age and on conjugation leads to a unified result, and one that is in most respects in consonance with what we observe in higher animals. But in one respect there is a difference, and this brings us back to the question with which we began. Is death a necessary accompaniment of life? Do the life processes necessarily take such a course that they must lead to death?
To this question the work on the infusoria answers No! The evidence that was supposed to show that the life processes must gradually run down and end in death had been shown by the work of Woodruff not to lead to any such conclusion. Woodruff appears to be clearly justified in his recent statement that these organisms "have the potentiality to perpetuate themselves indefinitely by division," and my own studies on the effects of conjugation furnish the complement to this result, agreeing with it fundamentally.
All that Weismann meant by saying that such creatures are potentially immortal has shown itself correct. Death is not necessarily involved in life.
But why, then, in higher animals and in ourselves, even when there is no accident and conditions are good, do we find death coming as a natural end to life? Why should there be this tremendous difference in such an essential point between the lower organisms and the higher ones? Is there any possibility of mistake as to the necessity in the case of higher organisms?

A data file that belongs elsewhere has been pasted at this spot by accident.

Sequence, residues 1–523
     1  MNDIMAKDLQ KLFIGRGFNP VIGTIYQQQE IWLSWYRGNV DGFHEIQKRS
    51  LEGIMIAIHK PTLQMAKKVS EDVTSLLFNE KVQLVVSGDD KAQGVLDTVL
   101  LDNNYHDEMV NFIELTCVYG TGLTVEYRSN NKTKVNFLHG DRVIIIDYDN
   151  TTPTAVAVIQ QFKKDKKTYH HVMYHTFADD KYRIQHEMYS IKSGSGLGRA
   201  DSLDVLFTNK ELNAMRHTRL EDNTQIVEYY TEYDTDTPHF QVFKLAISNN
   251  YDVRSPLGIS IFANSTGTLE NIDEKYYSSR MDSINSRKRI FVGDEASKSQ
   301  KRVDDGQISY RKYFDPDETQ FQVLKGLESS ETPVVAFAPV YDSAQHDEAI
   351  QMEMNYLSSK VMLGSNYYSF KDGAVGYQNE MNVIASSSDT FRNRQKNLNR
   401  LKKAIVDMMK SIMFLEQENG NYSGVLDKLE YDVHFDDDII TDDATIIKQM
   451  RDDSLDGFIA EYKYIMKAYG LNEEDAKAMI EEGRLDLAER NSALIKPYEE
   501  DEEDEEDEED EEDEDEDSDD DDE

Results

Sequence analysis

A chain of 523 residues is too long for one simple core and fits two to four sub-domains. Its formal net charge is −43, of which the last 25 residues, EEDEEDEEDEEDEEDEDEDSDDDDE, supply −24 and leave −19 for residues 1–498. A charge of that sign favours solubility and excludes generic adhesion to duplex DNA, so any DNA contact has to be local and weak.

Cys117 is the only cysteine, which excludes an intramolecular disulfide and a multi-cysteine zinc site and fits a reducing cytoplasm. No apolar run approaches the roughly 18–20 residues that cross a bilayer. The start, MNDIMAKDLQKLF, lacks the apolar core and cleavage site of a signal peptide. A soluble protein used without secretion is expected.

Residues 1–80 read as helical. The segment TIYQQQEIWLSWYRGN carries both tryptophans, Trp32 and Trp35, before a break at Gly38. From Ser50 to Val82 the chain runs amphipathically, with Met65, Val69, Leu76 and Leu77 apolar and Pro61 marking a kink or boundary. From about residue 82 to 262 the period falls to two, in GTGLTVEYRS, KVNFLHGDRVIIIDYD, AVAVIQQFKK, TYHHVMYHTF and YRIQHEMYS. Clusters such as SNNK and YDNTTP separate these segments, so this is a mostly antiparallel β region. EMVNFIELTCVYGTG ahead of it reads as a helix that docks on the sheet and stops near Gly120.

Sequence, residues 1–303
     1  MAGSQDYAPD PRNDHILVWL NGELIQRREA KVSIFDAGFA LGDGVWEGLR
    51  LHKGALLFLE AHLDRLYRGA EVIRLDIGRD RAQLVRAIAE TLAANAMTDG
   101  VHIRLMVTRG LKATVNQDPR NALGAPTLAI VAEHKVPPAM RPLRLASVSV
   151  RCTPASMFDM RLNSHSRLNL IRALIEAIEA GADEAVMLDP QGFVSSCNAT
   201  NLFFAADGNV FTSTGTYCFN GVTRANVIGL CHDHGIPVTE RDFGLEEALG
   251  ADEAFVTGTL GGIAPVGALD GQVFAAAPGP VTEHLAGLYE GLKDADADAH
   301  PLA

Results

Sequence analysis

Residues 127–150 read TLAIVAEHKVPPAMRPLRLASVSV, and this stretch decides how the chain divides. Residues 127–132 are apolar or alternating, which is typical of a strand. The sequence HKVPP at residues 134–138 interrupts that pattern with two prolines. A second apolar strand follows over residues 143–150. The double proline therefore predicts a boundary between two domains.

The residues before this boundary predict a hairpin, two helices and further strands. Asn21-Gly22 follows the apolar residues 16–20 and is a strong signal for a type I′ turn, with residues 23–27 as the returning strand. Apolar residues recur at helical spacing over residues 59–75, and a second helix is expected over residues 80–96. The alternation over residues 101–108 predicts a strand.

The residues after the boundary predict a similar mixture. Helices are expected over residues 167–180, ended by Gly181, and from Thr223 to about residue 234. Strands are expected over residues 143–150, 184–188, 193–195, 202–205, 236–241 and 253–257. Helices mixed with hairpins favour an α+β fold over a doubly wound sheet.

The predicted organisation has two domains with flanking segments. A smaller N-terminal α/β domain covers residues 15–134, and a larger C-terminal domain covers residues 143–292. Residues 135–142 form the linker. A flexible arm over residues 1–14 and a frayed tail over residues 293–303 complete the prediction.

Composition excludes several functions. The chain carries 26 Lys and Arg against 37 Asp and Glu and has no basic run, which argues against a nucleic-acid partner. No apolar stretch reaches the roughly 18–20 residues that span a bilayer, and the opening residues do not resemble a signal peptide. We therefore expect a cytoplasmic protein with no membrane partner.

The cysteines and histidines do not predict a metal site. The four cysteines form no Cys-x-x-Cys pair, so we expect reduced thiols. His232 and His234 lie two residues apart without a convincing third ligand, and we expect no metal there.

To find a ground for this difference, we shall do well to follow the usual procedure in science, and examine other differences between these lower creatures and the higher ones, to see if these may not give us the clue. And here I touch upon a matter that had been fully developed by Minot and others; it is worth while to speak of it briefly, because work bearing upon the matter has recently appeared.
The most striking other difference between these lower organisms and the higher ones, is evidently the fact that in the higher organisms the body becomes large, complex and differentiated into a number of diverse parts; different cells of the body have taken on themselves different functions and different structures. This appears to, involve a correlative loss of the power of carrying on the fundamental vital processes; the cell that has become filled with lime, or that has transformed into muscle, no longer retains the vital elasticity of the cell in which the diverse functions remain well balanced. Products of metabolism are no longer perfectly removed; other processes necessary to life become clogged. The final result of this is a complete cessation of the processes; age and death follow upon differentiation. This, as you know, is the theory of Minot. According to it, the welfare of the individual cell is as it were sacrificed to that of the body as a whole, and this in turn involves the final destruction of the body itself, so that a